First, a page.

If we take perhaps the biggest aspect of the gambling industry, the house edge has become very relevant when discussing monetization. Defined as the built-in advantage an establishment has over the gamer in a specific game, this aspect has become very important for many players when choosing their games.

Many clients opt for low-house edge games, like poker or craps, typically containing higher skill gaps, and less of a reliance on pure luck, as you would see in higher-house edge games, similar to slots for example. 

Overall, the monetization of this side of the gaming world is somewhat complex and heavily discussed. There are parallels to be drawn between the two industries that we talked about today, but there are also significant differences.


Generating Revenue in the iGaming Industry: A Case Study

To explore the topic further, we should first establish that even in full-priced games, microtransactions are not inherently unjustified. This monetization strategy has existed ever since the mid-2000s, with games often having DLC expansions that are priced.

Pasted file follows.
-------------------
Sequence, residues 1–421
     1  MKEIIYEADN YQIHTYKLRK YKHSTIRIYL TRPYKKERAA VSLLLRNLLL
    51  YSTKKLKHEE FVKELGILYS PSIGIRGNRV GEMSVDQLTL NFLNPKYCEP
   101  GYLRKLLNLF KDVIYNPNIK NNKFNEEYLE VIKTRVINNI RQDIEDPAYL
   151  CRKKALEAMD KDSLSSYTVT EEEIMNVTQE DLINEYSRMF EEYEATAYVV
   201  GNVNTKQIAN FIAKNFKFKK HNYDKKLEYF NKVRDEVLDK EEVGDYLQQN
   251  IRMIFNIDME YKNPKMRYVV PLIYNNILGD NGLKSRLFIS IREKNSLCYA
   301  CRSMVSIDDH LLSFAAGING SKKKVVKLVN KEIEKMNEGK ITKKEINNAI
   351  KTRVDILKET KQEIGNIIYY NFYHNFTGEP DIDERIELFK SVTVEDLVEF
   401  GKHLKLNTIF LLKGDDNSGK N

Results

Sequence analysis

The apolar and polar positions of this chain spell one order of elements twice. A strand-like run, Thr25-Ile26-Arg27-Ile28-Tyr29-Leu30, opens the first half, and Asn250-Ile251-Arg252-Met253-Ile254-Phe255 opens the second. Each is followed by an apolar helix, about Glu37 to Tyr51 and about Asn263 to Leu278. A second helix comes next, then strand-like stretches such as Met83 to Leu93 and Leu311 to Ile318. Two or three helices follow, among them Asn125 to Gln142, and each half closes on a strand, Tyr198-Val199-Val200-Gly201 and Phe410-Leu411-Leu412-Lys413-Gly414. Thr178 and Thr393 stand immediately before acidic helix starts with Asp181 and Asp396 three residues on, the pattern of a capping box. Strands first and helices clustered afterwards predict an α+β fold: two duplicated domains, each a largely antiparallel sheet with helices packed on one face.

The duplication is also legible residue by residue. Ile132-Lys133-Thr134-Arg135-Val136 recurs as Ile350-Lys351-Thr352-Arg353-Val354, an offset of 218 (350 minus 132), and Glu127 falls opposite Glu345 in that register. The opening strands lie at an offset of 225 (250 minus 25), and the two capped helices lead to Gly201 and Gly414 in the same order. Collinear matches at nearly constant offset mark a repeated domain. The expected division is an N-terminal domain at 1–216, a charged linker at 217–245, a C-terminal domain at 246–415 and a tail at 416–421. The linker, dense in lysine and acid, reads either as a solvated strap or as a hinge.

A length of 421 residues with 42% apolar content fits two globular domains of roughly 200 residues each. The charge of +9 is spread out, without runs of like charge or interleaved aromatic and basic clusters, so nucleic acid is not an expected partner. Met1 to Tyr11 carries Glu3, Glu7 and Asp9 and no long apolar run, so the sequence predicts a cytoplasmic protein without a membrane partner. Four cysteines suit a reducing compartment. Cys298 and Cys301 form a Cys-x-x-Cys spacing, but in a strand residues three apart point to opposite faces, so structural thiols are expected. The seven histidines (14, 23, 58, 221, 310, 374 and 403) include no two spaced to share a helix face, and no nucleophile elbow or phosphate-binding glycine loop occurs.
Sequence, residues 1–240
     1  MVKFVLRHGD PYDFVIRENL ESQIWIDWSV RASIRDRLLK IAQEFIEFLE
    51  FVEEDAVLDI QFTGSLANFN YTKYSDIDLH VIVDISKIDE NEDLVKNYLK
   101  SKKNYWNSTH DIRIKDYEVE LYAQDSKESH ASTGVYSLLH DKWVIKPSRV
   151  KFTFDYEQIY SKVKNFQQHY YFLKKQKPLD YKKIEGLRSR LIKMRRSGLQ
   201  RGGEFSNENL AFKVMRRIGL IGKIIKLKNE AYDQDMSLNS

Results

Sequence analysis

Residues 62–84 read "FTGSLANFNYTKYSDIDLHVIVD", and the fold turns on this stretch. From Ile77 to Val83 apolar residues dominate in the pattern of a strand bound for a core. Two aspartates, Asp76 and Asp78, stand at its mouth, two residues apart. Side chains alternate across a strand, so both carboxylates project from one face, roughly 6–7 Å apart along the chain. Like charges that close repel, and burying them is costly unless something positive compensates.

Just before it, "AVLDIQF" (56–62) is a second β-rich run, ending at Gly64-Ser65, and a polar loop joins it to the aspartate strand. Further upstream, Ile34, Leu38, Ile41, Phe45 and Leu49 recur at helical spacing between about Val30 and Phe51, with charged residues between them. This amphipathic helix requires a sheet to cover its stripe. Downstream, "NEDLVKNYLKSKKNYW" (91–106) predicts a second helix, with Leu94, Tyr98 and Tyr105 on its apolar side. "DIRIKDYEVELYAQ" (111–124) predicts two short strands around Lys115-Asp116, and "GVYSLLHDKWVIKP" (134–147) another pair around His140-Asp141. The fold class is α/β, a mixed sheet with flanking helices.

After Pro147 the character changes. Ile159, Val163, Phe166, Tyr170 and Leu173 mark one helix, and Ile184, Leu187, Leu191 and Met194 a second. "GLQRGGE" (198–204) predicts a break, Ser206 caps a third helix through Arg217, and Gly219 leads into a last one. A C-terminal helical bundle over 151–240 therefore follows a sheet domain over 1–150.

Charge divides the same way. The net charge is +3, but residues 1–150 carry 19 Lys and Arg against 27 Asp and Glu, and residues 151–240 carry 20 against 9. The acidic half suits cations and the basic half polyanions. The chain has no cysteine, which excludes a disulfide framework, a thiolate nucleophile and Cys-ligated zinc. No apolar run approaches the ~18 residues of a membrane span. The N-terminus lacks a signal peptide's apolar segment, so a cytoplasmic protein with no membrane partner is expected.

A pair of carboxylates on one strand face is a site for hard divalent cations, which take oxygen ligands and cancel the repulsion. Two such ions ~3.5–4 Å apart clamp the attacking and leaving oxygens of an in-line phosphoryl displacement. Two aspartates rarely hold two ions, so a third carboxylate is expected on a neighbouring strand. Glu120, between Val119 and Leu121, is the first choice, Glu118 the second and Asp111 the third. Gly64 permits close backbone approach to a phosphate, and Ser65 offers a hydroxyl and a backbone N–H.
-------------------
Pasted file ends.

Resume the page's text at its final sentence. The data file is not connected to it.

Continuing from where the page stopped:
Many gamers nowadays do not even view DLCs as microtransactions though, as more minor purchases, in the forms of cosmetics, or sometimes mechanics have been popularized approximately after the mid-2010s. These are the types of microtransactions that generate controversy, as opposed to actual DLCs which are often expected to have decent prices.

While even in the modern gaming industry, occasionally a full expansion with a story, new mechanics, environments, and challenges may come out for free, a fresh example being the God of War Ragnarok: Valhalla expansion that came out in late 2023, this is typically not the norm.

Well, what causes the difference between reactions from gamers to traditional DLCs and other types of transactions, some may ask? The answer seems to be rather simple, the content provided must justify the price tag. That is precisely why, even in $70 video games, most gamers are willing to pay $20-$30 for a DLC, given it has sufficient content.